2. I agree with the Chief Justice. Mr. Farran's argument is really based upon the existence of a usage, or custom, in this dock, with reference to which the parties must be supposed to have contracted. But this argument is not open to him on the case, as stated by the learned Judge of the Small Cause Court. Moreover, if it were, I am by no means prepared to admit that such a custom--a custom affecting the question of: the amount to be paid for delivery--even if proved, could affect the contract between the parties as contained in the bills of lading. Such a custom would be of very a different nature to' those proved in the cases cited by Mr. Farran,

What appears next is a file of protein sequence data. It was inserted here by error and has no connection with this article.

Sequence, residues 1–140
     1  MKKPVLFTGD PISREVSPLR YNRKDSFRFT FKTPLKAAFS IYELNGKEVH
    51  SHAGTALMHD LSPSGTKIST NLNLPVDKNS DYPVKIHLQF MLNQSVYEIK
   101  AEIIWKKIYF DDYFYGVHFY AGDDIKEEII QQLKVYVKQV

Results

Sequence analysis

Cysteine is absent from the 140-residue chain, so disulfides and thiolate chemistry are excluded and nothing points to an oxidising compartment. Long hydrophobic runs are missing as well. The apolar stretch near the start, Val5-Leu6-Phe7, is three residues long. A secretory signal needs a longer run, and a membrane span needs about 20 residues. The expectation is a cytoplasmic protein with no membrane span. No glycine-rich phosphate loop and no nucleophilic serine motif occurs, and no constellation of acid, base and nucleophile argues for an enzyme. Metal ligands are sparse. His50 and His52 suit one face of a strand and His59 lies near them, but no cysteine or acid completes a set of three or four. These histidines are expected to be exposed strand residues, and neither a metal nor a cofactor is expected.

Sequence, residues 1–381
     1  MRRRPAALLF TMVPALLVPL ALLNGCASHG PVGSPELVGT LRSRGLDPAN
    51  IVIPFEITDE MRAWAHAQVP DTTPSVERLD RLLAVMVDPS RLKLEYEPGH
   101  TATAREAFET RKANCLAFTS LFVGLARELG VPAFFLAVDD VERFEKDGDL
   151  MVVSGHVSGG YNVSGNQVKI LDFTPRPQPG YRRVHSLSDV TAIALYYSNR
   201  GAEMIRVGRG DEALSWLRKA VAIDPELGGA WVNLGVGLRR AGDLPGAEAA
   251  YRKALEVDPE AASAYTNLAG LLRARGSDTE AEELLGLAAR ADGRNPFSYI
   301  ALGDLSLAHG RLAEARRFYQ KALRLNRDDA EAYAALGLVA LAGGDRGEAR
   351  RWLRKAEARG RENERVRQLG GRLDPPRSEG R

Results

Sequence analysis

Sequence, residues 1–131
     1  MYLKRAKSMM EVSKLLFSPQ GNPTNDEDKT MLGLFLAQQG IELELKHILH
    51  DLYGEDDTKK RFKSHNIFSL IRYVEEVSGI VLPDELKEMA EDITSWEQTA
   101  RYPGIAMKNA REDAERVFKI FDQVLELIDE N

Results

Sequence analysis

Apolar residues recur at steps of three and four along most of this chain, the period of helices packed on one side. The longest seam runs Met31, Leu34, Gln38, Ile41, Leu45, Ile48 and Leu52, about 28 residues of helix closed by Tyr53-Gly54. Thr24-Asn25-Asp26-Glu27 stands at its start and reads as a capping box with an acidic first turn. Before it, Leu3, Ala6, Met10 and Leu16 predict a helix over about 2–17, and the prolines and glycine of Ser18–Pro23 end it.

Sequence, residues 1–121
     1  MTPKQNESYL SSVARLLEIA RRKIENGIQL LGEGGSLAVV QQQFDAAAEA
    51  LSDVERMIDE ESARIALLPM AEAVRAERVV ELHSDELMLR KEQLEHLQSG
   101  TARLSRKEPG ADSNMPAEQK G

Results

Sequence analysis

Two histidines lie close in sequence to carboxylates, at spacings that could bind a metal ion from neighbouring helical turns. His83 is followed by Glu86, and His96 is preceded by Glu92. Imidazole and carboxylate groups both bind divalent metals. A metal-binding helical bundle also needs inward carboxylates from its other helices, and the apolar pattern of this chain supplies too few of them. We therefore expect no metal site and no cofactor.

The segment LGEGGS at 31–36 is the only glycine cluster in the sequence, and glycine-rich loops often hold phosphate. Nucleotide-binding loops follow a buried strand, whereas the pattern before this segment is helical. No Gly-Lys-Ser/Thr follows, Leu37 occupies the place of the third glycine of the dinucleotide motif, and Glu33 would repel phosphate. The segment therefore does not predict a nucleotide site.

3. The question in this case is, after all, a simple one. The ship having elected to discharge in the clock, it was her duty to land the goods on the wharf, It seems to me that the ship-owner must pay every charge which has to be incurred before this is done. That was the principle of the decision in Bishop v. Ware 3 Cam. 360. These charges, whatever they were and whether they could have been avoided or not, were charges incurred at the moment that the goods touched the wharf; they were necessarily, therefore, charges incurred antecedently to delivery to the consignee. I think that consideration is sufficient to show that the liability for these charges must fall upon the ship-owner. But, in truth, the charges would seem to have been charges in respect of work and labour done in and about the lifting and landing of these boilers. I think that appears clearly enough from the book of rates which the Port Trust issue to the public for their information and guidance See foot-note, ante, p, 390. This charge is there called a 'dock and cranage' charge. Half this 'dock and cranage' charge, and no 'wharfage', is charged for lifting from the hold of a vessel and placing on the deck.' 'Boilers lifted out of a vessel on to the wharf for repair, and then lifted back again, will be charged full rates for the first operation and half rates for the second.' From these passages alone it is clear, I think, that it is the work done by the dock cranes and appliances that is the subject of this charge. If that is the real character of these 'landing' or 'dock and cranage' charges then it cannot be contested but that they are charges which must be defrayed by the ship. The judgment of the learned Judge of the Small Cause Court was, therefore, in my opinion, right, and the verdict for the plaintiff must stand. Defendants to pay the plaintiff their costs of this reference.